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Acupuncture: Needle pricks to relieve pain?

By Vision Reporter

Added 23rd January 2007 03:00 AM

AS a child, the whole hospital had to be mobilised to hold me before a nurse could inject me. I grew up fearing all needle piercing and shuddering at seeing someone else being pricked. That was until I came across a Chinese clinic that uses needles to relieve pain!

By Titus Serunjogi

AS a child, the whole hospital had to be mobilised to hold me before a nurse could inject me. I grew up fearing all needle piercing and shuddering at seeing someone else being pricked. That was until I came across a Chinese clinic that uses needles to relieve pain!

The process is called acupuncture. Dr Liu Dezhog of the Chinese clinic near Kisementi in Kamwokya offered to illustrate how it works. I watched him insert several needles into the skin of his nurse to the depth of a few millimetres.

“Acupuncture can cure anything including ulcers, acne, migraine, arthritis, bed-wetting, low libido, alcohol addiction, back pain, menstrual cramps, etc. The most important thing is knowing at which point to pierce the needle.”

Dezhog convinced me to give acupuncture a try. He pierced me on the thigh and it was completely painless. Apart from seeing the needle enter, you would never know that anything has pricked you. I never grimaced nor blinked. And there was no trace of blood. It all has to do with the therapists’ tact, he said. I told him that I was feeling some hardening in the groins and he explained that it was a result of the piercing.

“Every point on the body corresponds to different organs,” he said. “This point (the thighs) corresponds with the genitals. We treat people with low libido with this kind of acupuncture. Some points in the foot can correspond with the head. For sinuses, we prick into the corner of the eyebrow. The acupuncturists’ cure for bed-wetting is a needle in the wrist.”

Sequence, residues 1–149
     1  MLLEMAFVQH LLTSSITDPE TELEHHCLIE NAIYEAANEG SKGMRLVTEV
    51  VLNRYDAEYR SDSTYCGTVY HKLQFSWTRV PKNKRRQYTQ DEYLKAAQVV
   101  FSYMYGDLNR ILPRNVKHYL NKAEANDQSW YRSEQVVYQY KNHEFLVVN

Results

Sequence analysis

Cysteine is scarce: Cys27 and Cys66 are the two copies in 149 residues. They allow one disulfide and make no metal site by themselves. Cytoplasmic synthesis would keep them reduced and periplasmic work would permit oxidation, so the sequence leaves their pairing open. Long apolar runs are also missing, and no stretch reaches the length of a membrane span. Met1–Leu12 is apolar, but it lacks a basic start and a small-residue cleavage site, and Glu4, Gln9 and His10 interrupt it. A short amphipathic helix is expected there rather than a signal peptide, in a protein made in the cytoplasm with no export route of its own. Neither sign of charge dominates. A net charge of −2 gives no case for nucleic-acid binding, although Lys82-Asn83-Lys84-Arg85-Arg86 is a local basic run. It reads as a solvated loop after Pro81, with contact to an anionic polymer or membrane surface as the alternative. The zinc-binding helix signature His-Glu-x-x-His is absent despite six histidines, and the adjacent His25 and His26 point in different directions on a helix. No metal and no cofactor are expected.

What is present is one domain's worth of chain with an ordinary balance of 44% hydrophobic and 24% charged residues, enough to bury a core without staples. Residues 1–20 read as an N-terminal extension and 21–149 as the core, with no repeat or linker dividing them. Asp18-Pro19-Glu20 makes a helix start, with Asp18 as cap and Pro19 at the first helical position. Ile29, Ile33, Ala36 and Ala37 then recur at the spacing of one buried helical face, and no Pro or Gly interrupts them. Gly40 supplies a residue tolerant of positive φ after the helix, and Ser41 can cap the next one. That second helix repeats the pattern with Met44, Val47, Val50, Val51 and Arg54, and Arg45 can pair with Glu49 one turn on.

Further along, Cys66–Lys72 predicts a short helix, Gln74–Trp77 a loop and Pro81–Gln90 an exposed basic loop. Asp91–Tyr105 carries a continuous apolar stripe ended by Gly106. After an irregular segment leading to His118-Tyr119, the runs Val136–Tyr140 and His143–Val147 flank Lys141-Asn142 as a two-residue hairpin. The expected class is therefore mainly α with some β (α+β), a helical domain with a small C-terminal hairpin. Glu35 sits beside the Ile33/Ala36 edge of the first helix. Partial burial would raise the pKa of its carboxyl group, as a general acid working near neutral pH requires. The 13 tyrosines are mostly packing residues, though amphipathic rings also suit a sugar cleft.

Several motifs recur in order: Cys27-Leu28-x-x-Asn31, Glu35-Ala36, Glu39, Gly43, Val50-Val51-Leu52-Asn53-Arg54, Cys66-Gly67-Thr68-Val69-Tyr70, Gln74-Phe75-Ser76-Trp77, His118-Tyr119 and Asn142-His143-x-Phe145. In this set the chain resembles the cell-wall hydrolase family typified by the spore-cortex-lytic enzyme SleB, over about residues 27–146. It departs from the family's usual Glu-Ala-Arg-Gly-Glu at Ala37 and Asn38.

Dezhog charges sh10,000 to sh20,000 a session, depending on the disease. Some patients have to report back for three to 15 sessions before getting cured.

A decade ago, acupuncture was the sole reserve of Chinese traditional medicine in Kampala. It originated from China more than 2,000 years ago, making it one of the oldest medical procedures in the world.

Today Ugandans practise acupuncture. Everest Mubuuke, a natural therapist at Adam And Eve in Ntinda, is one of them.

The cause of all disorders in the human body is; imbalance of energy, he said. “Too much energy in one body part will lead to headaches, ulcers, sinuses, etc. By putting a needle at a corresponding point, you will be restoring normal flow of energy in that part of the body and the person will feel better again. Very little energy flowing through a specific body part will lead to paralysis, low libido, weakness, and drug abuse. Acupuncture increases energy flow to restore normalcy.”

Mubuuke says he often supplements acupuncture with Chinese herbal medicine, better nutrition and physical exercises.

Before acupuncture, Dezhog diagnoses the patient by feeling the pulse, examining the eyes or tongue and palpating the abdomen.

The acupuncturists needles are not like injection pricks.

Mubuuke said: “Our needles are always sealed, sterilised and can only be used once. So, there is no risk of HIV or Hepatitis.”

Uganda was the first African country to host the Pan African Acupuncture Project (PAAP) training in 2003. During the project, health workers in Africa were trained how to use simple and effective acupuncture techniques to alleviate the devastating symptoms associated with HIV/AIDS, malaria and TB.

PAAP trained 13 health workers who included midwives, physiotherapists, a traditional healer, and medical doctors from urban and rural health centres.

According to the project’s newsletter of October 2006, Richard A. Sollom is currently conducting research on treating refugees in Uganda with Post-Traumatic Stress Disorder using acupuncture for his Masters of Philosophy at the Harvard School of Public Health.

The health ministry recognises alternative medicine under the Natural Chemotherapeutics Research Laboratory, which is basically herbal research. It is only recently that the Government embarked on a programme to bring together all practitioners of traditional and complimentary medicine and integrate them under the health ministry.

Acupuncture: Needle pricks to relieve pain?

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